particular region can benefit from this. But they are concerned for some reason, or they have a big question. What are some of the major concerns or questions people have in the early stages of considering working with?

Allan Gibson (22:09.532)
Yeah, I think that the concerns generally aren't about us particularly, but more about automation in general. Um, there is still a, so the way that the industry is now, there is a very strong strategic push for automation and that is really top down. And there's oftentimes also a bottoms up push for, from people in factories.

especially young, you know, people out of school who know that automation is very important. They know they can automate a process, but they just don't know where to begin. So most of the time we get concerns, it's really around, is this possible? I haven't seen it before, but it seems like something that's reasonable to do. It's, it's that type of getting over the, the sort of emotional and mental hurdle of.

Is this going to be successful or am I sticking my neck out doing a project that could potentially get me fired? Right. And, um, you know, that's part of the reason why, you know, trusting experts in the space is so important because it not only gives you the ability to relax a little bit and provide the value that you need to as an end user, right. End users in this are incredibly valuable because they know the process and.

We will never know the process as well as an end user does, right? It's there, they live that every day. The nuance of the little tiny things that someone is doing, those are hard to pick up on when you just come in and you see something once or twice. So we need them from a process perspective. And I don't want to say that we don't need them from a technical automation perspective because we do, right? We want their advice. It's a collaborative process.

Andrya (23:51.864)
Thank you.

Allan Gibson (24:09.663)
But I could very quickly tell you if something is actually doable or if it's not from a technical automation perspective. Now, if I don't have that process knowledge and they don't have it to give to me that, you know, increases the risk, right? Of a project, if there being some little thing that's not being captured, then is a technical challenge. Um, but that's generally the hurdle, right? The hurdle is just getting started. Um,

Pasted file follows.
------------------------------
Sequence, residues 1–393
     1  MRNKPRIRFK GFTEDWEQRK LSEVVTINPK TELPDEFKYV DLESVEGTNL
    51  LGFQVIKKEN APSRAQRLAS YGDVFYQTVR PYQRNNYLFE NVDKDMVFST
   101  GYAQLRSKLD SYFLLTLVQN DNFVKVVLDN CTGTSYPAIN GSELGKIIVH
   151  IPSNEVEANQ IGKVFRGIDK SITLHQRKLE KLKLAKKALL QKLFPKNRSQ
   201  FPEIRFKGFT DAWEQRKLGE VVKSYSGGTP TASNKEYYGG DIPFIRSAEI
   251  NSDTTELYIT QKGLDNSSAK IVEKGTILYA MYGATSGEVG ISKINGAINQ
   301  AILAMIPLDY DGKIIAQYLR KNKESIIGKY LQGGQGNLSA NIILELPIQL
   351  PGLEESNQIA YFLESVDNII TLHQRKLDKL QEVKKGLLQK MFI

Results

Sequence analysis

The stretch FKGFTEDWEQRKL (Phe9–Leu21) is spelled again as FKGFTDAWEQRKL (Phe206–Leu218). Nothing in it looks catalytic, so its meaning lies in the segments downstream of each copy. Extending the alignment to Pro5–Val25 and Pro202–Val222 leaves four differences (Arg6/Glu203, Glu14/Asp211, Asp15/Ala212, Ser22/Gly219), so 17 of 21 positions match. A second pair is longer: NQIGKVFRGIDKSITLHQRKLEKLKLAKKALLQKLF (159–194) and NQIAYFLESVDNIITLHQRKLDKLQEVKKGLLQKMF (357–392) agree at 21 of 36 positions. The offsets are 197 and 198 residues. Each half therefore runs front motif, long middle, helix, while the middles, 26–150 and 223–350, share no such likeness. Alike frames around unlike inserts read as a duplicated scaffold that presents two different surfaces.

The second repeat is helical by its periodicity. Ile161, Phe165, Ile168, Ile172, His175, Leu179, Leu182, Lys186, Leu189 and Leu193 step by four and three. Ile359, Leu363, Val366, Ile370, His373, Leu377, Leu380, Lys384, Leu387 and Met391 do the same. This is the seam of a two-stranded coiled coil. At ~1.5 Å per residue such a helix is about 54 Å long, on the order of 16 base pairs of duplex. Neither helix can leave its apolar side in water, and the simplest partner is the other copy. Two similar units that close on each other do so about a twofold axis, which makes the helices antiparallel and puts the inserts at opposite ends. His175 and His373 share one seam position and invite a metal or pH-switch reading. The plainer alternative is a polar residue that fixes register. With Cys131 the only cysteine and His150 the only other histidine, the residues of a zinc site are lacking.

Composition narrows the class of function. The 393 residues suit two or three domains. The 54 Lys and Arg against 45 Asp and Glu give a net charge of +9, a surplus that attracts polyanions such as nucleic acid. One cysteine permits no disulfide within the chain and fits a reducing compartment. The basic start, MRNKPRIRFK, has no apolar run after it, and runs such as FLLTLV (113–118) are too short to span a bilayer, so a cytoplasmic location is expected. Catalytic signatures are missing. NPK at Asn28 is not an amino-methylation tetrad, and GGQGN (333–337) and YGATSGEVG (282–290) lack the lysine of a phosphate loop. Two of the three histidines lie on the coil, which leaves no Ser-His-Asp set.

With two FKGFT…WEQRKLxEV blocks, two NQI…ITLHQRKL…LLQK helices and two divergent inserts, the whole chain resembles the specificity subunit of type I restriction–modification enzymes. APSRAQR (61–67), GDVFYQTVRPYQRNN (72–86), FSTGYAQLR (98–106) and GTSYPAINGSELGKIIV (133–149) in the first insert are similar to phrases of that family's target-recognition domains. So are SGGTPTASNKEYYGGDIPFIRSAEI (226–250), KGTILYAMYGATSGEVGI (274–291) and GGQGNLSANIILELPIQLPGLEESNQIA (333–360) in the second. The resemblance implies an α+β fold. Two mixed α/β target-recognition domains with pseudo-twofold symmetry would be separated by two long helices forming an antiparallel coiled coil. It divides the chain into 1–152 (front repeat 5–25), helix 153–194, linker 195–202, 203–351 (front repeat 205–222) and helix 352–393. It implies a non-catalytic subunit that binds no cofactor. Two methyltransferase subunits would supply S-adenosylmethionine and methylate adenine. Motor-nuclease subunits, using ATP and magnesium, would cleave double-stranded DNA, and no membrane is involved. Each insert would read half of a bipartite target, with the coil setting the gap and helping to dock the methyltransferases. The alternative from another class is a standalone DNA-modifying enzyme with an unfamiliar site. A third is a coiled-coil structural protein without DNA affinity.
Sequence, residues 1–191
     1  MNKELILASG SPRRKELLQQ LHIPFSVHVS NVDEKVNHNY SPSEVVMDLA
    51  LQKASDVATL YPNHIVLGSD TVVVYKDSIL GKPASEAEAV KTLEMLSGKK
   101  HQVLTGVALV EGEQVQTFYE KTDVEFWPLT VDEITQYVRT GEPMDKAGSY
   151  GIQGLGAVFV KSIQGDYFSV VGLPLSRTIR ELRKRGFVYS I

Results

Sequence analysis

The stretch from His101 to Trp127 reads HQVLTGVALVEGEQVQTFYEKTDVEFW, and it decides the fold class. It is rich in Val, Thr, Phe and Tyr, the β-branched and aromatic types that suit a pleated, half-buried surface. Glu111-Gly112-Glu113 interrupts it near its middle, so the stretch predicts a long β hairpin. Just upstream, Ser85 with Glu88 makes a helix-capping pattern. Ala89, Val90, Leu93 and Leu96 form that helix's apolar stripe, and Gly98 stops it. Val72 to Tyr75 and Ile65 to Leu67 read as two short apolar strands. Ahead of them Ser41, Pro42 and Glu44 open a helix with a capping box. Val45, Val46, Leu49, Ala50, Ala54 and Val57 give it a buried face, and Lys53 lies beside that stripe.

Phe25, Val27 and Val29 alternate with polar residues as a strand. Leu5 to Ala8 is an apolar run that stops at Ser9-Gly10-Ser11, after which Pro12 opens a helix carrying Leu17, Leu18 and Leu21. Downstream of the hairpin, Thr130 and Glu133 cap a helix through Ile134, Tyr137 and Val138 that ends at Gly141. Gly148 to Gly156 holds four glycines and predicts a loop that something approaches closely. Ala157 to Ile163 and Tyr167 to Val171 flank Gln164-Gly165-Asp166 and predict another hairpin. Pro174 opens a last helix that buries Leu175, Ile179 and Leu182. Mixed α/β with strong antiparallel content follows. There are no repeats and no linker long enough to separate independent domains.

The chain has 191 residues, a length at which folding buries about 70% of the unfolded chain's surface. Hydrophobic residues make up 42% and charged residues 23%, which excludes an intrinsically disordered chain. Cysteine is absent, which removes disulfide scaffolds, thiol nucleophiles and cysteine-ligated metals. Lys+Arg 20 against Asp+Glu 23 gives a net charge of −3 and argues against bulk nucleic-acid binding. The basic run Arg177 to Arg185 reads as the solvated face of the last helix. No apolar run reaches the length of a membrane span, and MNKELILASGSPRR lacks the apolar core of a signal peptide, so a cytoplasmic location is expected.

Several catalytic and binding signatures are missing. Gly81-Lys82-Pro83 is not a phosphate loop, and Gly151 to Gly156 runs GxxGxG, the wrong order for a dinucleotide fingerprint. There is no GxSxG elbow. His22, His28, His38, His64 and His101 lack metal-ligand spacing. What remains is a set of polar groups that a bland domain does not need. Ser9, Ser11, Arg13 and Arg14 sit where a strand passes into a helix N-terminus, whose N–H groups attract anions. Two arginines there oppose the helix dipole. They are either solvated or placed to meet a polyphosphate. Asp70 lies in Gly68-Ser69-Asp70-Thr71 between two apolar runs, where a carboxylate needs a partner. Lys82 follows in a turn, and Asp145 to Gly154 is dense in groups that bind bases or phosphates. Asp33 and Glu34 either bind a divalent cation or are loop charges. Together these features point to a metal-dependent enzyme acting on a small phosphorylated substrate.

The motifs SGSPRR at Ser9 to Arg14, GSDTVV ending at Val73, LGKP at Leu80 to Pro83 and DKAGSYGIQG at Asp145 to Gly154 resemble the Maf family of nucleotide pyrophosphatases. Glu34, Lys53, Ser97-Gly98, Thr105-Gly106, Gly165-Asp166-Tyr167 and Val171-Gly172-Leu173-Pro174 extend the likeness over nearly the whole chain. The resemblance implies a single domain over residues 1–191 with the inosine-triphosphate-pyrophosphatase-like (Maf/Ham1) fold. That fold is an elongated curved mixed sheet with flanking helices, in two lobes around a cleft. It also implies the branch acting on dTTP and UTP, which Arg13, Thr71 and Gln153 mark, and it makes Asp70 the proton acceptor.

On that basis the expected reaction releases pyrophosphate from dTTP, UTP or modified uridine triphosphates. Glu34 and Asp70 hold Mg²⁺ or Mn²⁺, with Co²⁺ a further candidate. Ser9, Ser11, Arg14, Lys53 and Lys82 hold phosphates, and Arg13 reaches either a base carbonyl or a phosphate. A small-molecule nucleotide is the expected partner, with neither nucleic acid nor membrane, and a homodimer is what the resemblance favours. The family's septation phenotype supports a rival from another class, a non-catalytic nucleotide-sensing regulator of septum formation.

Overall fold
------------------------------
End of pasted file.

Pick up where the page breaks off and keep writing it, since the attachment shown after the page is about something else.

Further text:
You know, there's a massive labor shortage in the country everywhere, particularly in manufacturing, especially because most of the jobs in manufacturing, no matter what type of industry or vertical they're in, are not as...

Allan Gibson (24:59.296)
They are either dull, dirty or dangerous, right? I mean, for the most part, that is what manufacturing is. You know, for the ones that are still so automating those is a massive improvement. You know, from a from a personality point of view, like for what the benefit for the human within those opportunities. But the other piece is the compensation from a lot of manufacturing companies is not any better than the compensation that you would get at a.

uh, entry level, you know, position or a role within a, you know, food service type of role. So, I mean, that's a really challenging, you're asking people to do these, you know, these type of jobs where they're, you know, working long hours, they're on their feet all the time. You know, they're, you know, wearing smocks. It might not be as comfortable from a, you know, temperature controlled perspective, right. And you're, and you're asking them to work for that.

in the same way that someone in a food service role would. So there's just an overall massive labor challenge within the industry. And the only way to solve that is to automate. And any company to me who's at this point still pondering over automating is already dramatically behind. You know, I almost,

I'm concerned about our ability as a country to continue to develop and evolve at the rate that we're automating at this point. I still don't think it's even remotely close to enough to sustain the growth of the company and the human resources that we have as a country.

Andrya (26:49.592)
man, this is just so fascinating to hear. I can't tell you how many times this has been a topic and it's really something everyone is looking at in their plans or already executing or somehow talking about that along with sustainability. Those are two big topics in almost every single conversation and so I know that there are.

quite a lot of our listeners out there who have heard this topic before but never as in depth. So what a treasure. Thank you so much. Is there anything that we have missed? Yeah. Is there anything we missed today?

Allan Gibson (27:25.312)

Allan Gibson (27:32.64)
No, I don't think so. It's been a great conversation and it's always fun to share my thoughts on things and how I see the world evolving and how I see this industry growing.

Andrya (27:44.312)
Yeah, I am just so appreciative and thank you for taking time out of your busy schedule. I know, you know, whenever people listen to this, it's kind of asynchronous, but we happen to be in the middle of conference season for the manufacturing and industrial areas, the first season of the year. And so I just appreciate you taking the time. And for anyone that's listening, if you're listening today and ready robotics or for Joe has solved a problem that you have, or you're interested to know more.

Allan Gibson (27:57.633)
He he.

Andrya (28:11.928)
please get in touch at ready -robotics .com. Thank you for listening today and thank you for joining us out.

Allan Gibson (28:20.962)
Absolutely, and you can feel free to reach out to me directly as well via.

Andrya (28:33.656)
Okay, thank you. That's the show today.